Construction of the audio generator is not critical. However, careful work is required, especially when wiring the frequency-determining network (Fig. 4). Obviously, no generator is more accurate than the frequency determining components in it.

The generator was constructed in a 4" X 5" X 6" metal box. The three lowest level stages of the attenuator were constructed inside a copper shield, as shown in Fig. 1, to avoid contamination of the very low level output signal.

All parts except those attached directly to the switches were mounted on a Vectorboard. Short leads should be used throughout; in particular, leads between the frequency-determining network and the IC input should be direct and dressed away from all other signal leads. The two transistors used are economy-type plastic encapsulated units and are readily available. Total list price for the two transistors and the IC was about $6.00. The diodes can be any general-purpose silicon types. The battery should be the largest-capacity 9-volt type convenient, or an external power supply can be used.

Fig. 2. Internal circuit and connection for the CA3000 IC.

Fig. 3. Circuit oscillates at the single frequency at which positive feedback just slightly exceeds negative feedback.

Fig. 4. Component values and switching for bridged-"T" network.

Alignment and Troubleshooting

To align the unit, adjust the oscillator control for an a.g.c. voltage of 0.7 to 0.8 V d.c. At this setting, the output should be a clean sine wave at all frequency settings. If distortion is apparent at some settings, set the control for a lower a.g.c. voltage; if oscillation does not occur at some settings, the setting is too low. Once set, there should be no reason to change the setting. If readjustment seems indicated at some later time, check the battery voltage first.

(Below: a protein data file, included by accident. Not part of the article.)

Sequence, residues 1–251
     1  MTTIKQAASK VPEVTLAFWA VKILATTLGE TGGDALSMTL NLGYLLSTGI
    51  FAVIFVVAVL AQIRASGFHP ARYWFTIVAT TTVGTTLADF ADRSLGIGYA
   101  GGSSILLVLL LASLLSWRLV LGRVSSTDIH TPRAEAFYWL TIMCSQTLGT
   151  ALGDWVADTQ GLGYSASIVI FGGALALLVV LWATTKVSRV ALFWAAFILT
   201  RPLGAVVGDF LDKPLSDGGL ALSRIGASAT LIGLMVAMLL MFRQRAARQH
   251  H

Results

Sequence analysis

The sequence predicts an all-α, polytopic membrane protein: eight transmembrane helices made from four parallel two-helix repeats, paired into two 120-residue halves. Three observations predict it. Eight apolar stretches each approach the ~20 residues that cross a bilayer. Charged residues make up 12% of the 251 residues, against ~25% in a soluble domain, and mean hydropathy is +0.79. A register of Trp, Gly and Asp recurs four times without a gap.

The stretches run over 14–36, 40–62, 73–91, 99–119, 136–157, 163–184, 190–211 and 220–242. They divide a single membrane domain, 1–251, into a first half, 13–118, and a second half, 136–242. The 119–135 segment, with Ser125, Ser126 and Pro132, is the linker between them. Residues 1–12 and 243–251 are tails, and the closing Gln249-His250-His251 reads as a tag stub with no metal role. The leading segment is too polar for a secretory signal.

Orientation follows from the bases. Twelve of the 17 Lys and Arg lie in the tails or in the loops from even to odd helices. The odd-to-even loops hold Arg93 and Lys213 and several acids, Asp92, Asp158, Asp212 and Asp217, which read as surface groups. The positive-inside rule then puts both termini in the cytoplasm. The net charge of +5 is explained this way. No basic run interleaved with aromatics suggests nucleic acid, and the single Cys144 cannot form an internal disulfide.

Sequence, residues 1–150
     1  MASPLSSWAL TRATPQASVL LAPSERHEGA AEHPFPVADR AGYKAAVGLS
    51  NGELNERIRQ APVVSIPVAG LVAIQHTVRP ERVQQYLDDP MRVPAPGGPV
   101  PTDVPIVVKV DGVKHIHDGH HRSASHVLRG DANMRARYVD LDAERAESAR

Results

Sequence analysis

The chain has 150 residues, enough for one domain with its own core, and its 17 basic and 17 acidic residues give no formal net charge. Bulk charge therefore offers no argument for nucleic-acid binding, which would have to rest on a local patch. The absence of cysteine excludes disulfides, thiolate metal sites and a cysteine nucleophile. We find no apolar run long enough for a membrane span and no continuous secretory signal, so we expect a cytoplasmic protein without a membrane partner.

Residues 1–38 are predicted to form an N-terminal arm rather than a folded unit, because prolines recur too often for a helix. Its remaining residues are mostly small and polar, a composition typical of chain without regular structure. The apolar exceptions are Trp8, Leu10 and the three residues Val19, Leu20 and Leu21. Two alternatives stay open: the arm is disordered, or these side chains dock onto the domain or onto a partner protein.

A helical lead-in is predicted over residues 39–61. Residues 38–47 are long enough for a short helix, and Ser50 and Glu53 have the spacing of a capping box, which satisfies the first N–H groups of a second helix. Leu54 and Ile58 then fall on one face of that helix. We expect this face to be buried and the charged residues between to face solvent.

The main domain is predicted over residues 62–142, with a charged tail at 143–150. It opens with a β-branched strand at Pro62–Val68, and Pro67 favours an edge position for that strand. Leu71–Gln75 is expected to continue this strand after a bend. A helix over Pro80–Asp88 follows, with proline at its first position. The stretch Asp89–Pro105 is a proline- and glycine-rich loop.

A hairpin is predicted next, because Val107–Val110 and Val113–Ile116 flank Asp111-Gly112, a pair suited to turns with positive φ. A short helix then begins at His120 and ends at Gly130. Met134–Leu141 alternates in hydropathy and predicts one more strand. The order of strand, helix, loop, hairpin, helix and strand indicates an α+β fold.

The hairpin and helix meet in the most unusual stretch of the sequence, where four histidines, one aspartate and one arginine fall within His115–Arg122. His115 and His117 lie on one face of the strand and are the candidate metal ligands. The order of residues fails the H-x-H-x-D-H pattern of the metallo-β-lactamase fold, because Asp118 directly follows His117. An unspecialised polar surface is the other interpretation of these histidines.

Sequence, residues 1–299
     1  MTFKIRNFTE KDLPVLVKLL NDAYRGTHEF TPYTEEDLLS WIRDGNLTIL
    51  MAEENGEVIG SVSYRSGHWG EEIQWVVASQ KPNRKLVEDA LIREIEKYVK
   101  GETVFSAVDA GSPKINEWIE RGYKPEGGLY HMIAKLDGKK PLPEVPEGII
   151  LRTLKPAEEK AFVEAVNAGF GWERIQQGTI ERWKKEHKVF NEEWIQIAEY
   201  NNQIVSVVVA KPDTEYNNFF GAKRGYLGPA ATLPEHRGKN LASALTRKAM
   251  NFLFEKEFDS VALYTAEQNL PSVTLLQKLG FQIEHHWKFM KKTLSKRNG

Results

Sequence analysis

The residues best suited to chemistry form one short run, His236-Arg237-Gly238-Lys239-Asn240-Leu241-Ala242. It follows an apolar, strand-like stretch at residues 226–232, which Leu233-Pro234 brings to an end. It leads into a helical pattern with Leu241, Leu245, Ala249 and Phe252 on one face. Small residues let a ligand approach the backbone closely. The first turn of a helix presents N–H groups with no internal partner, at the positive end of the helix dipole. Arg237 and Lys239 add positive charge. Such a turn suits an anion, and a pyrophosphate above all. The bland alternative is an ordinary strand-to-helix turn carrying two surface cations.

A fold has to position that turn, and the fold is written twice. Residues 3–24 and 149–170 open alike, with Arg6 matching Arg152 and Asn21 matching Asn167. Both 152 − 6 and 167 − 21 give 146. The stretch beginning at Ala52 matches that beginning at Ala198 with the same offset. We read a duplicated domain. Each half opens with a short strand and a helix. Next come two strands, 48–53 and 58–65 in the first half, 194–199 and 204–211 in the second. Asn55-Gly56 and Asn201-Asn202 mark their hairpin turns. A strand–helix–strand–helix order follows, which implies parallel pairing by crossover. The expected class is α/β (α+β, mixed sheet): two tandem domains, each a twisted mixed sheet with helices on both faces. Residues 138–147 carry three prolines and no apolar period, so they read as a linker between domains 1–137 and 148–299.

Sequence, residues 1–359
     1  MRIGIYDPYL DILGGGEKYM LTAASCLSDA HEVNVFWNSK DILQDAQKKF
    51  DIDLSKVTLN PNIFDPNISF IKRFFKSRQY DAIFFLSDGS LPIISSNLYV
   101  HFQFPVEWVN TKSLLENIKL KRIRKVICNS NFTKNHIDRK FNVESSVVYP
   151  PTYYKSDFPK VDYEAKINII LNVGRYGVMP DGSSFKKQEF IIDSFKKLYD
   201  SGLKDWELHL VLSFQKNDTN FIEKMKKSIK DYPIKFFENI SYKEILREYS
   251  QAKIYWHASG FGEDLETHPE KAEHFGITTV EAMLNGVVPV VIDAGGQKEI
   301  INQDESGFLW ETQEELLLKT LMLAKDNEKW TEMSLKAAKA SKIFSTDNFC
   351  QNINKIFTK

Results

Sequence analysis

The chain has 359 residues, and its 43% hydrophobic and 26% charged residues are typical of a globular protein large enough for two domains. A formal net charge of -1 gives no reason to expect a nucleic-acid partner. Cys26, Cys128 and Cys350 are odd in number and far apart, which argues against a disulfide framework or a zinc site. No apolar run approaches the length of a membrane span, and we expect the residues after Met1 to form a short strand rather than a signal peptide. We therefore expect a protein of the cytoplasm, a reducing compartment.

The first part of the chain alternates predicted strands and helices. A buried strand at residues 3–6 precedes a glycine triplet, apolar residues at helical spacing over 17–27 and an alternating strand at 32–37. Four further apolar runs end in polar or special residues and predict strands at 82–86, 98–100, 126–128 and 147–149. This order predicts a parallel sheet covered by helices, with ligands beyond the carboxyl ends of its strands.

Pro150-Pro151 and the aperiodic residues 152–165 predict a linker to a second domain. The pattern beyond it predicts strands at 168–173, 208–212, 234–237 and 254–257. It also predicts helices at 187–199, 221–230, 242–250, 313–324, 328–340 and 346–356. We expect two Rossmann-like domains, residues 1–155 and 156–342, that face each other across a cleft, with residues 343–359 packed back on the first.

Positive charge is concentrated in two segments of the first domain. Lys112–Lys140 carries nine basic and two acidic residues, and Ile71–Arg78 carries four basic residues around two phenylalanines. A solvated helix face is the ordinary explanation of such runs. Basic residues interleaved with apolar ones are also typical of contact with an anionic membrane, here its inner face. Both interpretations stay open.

(Note: When making any internal or external adjustments, except output-level adjustment, allow 5 to 10 seconds for the output to stabilize.) Since 1-percent precision capacitors are not commonly available, it may be desirable to pad the capacitors on the frequency-multiplier switch to calibrate the audio generator against a known frequency.

An oscillator circuit can be very difficult to troubleshoot, since every part of the circuit interacts with every other.

Some things to watch for are: Failure to oscillate at some frequency settings: Look for defects in the frequency-determining networks or excessive loading caused by a defective FET. Inaccuracies at higher frequencies: Look for capacitive coupling between the positive- and negative-feedback circuits.

Inaccuracies at the higher settings for each multiplier setting: Look for an excessive amount of network loading.

Inability to set oscillator control as required: First, check the battery. Then check the a.g.c. circuit. If both of these check out, a slight adjustment in the power-supply voltage divider may be in order.




(adapted from: Electronics World magazine; Jul. 1975)